Friday, May 21, 2010

19th Century Etching of Gamblers

There are numerous prints and photographs of gamblers and card players on eBay, but in my opinion not many of them are worth bidding on. Every now and then a good piece of art shows up and sometimes I even get to be the lucky winning bidder.

This one is a 19th century print from a copper etching. It is titled Hard Hit and the artist that produced the etching is one P.A. Massé. The seller added his own title, in the eBay description, as Losing Badly at Cards, which I think is quite a good one.


The scan shown here is a bit cropped, so you can't see a hand written date in the lower right side, stating that the print is from 1899. I don't believe the writing is original from the period, but I do believe it is accurate. That's because the seller specializes in antique prints and he stated that this print was issued in London, in 1899 by Virtue for "The Art Journal." In fact the inscription at the top of the picture says London, J.S. Virtue & Co. Ltd., so I assume the dealer knows what it all means and how to date the work. Also, the inscription at the very bottom says, From the Picture in the possession of Humphrey Roberts, Esq.

The work itself is quite good, so it was definitely done by a skilled artists (which is not always the case with etchings one finds on eBay). The subject matter is obviously gambling at cards. The sucker is seen leaving a game of cards while three men remain in the room. The older man seated in the center of the table is shuffling a deck of cards, overhand style. There are hundreds of playing cards scattered around the floor and there is an overturned chair next to the table. I see no direct evidence that the loser has been cheated, but since this is a gambling theme it is not out of the realm of possibilities that there was more to the story than meets the eye.

I did catch one interesting detail, however. Right next to the older man, to his left, there are four objects that appear to be four decks of playing cards. Then there is also an inkwell with a feather stuck in it. Since there are so many playing cards on and under the table it would seem that the men are more than just recreational card players. The expressions on their faces seem to suggest that they've done this before.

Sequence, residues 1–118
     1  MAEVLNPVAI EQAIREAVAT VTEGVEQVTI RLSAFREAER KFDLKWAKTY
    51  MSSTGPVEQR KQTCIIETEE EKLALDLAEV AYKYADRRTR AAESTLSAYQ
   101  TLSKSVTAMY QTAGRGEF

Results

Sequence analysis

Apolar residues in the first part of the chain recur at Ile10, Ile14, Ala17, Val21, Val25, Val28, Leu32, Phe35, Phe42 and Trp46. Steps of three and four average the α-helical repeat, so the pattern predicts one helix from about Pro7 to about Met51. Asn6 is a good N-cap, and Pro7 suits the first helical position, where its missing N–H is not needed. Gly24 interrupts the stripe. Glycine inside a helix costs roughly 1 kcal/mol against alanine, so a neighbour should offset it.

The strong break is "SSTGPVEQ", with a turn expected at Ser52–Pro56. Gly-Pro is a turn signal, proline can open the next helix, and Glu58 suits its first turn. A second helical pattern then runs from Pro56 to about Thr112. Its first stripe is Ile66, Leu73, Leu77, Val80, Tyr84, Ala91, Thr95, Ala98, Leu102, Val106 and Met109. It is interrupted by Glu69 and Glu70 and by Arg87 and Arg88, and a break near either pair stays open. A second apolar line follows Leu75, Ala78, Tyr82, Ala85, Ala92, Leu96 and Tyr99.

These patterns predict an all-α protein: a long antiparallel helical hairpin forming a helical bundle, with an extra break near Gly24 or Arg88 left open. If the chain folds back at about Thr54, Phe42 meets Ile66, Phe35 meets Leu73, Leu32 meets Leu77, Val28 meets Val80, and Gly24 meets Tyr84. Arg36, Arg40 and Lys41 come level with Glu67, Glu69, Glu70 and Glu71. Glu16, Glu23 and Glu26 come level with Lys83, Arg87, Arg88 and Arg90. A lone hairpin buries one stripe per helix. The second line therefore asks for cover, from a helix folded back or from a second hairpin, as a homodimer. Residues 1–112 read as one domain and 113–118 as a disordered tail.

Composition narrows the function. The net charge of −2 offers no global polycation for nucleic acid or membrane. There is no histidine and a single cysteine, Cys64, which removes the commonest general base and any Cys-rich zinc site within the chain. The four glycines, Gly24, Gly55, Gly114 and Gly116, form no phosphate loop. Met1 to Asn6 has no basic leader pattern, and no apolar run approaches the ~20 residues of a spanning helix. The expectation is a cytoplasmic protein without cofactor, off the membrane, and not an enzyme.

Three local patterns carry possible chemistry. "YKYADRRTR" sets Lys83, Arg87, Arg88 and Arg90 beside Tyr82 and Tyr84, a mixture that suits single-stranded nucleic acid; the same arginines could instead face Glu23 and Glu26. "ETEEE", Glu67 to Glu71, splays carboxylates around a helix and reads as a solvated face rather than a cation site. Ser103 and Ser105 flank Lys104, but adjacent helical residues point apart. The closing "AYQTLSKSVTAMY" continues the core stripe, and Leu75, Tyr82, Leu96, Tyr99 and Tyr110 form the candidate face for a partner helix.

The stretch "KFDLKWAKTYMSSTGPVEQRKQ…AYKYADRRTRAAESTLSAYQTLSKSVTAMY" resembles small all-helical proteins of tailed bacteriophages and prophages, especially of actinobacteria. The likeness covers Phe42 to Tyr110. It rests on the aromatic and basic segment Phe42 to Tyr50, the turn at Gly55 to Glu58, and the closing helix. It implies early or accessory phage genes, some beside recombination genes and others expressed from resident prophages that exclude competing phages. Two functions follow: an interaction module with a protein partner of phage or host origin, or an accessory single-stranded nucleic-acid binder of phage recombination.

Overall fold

Whatever the story behind this picture may be, this one's definitely going on the wall.

Friday, May 14, 2010

Two Historic Michael MacDougall Press Photos

Michael MacDougall who billed himself as "The Card Detective" was a prominent figure amongst gambling exposé artists in the first half of the 1900's. He authored books such as Gamblers Don't Gamble, MacDougall on Dice and Cards, Danger in the Cards, conducted lectures on crooked gambling, and was often featured in newspapers and magazine articles. His books have become rare and are now desirable amongst collectors of crooked gambling paraphernalia.

I recently came across two original press photos, featuring Michael MacDougall. The source was eBay (no surprise there) and I think I got a good deal, especially considering the rarity of these photographs, which must be one of a kind.

Since I really don't know anything about those photographs perhaps it's best if I let them speak for themselves.

The first photo is of MacDougall demonstrating the infamous mechanic's grip, to a couple of soldiers. The photograph is dated June 4, 1944. This one cost me $9.99.



The second photograph is a close up of a bottom deal. This photograph has been heavily retouched by a poorly skilled retouch artist, which is the reason why the fingernails appear as if they have nail polish. The date on the back is March 30, 1938, and I paid the sum of $13.50 to acquire it.



I think I got a bargain. The photos were $23.49, plus $3.99 for shipping and handling, which amounts to $27.48.